Exercise & Stay Physically Active

  • Exercise is one of the best ways to naturally boost blood flow and control inflammation — two factors that are important for eye health. Aim to get at least 30–60 minutes of daily activity. Encourage your kids to do the same by playing outside or joining a sports team. Find more fun things to do that don’t involve watching TV, working on the computer or using your phone. This can include walking, cycling, gardening, dancing, listening to podcasts or audiobooks, or even cooking and cleaning your home.
  • Different glasses and contact lens options Ask your doctor about ways to manage myopia. Regular glasses and contact lenses can help kids see more clearly, but they do not slow down the progression of myopia, which means kids may need increasingly stronger prescriptions as they continue to grow. However, certain types of contact lenses—including soft lenses—can slow down the speed at which myopia develops.5 According to the American Optometric Association multifocal contact lenses for children with myopia can slow the progression of nearsightedness, providing a more effective and efficient treatment option.
  • Reduce stress Stress is the major cause for developing myopia. If you are a book worm or a person who remains in front of a computer screen for many hours try to give enough rest for your eyes. It is not just the body; even your eyes need rest. Some people who feel tired continue reading or working by relaxing in an easy chair or lying down on a bed. If the body feels tired, you will feel dizziness, body pains or other signs. But, you may not even know that your eyes are tired unless you show worst signs of watery eyes or painful eyeballs piercing out. To relax your eyes, you do not have to sleep. Just, go out for a walk or just close your eyes for about ten seconds once in every hour while you are working.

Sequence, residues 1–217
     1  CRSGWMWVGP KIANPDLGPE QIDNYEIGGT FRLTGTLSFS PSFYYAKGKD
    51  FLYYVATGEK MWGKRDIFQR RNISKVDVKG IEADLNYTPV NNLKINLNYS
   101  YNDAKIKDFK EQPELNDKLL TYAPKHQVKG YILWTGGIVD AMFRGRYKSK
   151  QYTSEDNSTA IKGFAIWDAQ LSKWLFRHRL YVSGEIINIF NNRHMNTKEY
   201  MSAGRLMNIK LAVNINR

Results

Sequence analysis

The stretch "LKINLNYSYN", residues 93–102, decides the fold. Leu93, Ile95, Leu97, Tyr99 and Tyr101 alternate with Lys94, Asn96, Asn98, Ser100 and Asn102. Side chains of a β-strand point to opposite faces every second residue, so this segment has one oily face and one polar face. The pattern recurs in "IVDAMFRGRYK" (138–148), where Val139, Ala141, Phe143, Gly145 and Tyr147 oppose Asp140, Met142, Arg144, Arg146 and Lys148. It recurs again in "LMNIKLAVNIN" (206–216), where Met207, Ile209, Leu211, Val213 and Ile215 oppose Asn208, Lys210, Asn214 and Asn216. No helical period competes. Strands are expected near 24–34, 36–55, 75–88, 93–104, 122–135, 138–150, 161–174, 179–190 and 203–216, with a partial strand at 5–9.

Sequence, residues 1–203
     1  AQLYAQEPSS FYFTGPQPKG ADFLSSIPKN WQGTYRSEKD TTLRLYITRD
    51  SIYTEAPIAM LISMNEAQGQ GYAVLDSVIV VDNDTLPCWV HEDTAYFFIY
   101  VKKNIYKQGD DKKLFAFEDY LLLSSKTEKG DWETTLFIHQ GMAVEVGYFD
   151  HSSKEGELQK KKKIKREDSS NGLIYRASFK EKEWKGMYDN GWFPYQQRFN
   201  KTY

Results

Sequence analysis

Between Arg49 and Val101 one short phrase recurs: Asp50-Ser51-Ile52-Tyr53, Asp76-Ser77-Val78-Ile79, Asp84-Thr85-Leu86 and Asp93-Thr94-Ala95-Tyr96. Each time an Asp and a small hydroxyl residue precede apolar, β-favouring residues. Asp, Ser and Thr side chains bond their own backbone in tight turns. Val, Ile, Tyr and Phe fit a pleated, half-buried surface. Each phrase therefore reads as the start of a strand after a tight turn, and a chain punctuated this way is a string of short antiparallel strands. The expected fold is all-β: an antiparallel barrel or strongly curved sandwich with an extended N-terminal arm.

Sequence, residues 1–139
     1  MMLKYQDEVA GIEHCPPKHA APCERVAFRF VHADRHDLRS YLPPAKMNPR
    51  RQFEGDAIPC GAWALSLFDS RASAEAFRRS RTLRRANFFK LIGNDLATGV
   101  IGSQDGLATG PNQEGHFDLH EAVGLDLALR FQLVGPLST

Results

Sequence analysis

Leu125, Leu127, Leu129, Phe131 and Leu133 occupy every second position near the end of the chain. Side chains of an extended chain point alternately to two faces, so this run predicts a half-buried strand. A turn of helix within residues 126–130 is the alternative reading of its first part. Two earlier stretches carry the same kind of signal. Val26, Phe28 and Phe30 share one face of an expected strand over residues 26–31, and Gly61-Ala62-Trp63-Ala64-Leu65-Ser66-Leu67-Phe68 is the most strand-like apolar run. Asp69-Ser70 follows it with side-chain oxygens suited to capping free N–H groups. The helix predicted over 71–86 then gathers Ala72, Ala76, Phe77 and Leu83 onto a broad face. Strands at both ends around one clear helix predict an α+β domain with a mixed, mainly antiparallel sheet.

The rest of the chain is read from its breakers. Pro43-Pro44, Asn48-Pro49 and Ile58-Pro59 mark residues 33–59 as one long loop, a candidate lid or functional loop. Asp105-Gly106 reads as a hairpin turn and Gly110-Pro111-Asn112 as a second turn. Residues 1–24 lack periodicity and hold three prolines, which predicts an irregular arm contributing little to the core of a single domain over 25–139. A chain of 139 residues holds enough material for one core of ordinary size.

• Ergonomics on the computer, Upgrade your work station: High resolution monitors cause less eyestrain. If you need to view more than one window, consider adding a second monitor or a larger monitor. Move the monitor back: The closer an object is to the eyes, the harder the eye muscles must work to maintain focus. Moving a monitor from 16 inches to 25 inches reduces the demand on the eyes by about 40%.

 

 

Marc Grossman, Doctor of Optometry and New York State Licensed Acupuncturist is author of several books, including Natural Eye Care – Your Guide to Healthy Vision.  Since 1980 Dr. Marc Grossman has helped many people maintain healthy vision and even improve eyesight. He is best described as a Holistic Eye Doctor, dedicated to helping people with such conditions ranging from myopia and dry eyes to potentially vision threatening diseases as macular degeneration and glaucoma. His combined multi-disciplinary approach using nutrition, eye exercises, lifestyle changes and Chinese Medicine provides him with a wide array of tools and approaches to tackle difficult eye problems. Dr. Grossman founded the Rye Learning Center in 1980, a multidisciplinary center for learning problems, in 1996 co-founded Integral Health Associates in New Paltz, New York, and in 1999 co-founded Natural Eye Care, Inc. For more information go to www.naturaleyecare.com or call 845-255-3728.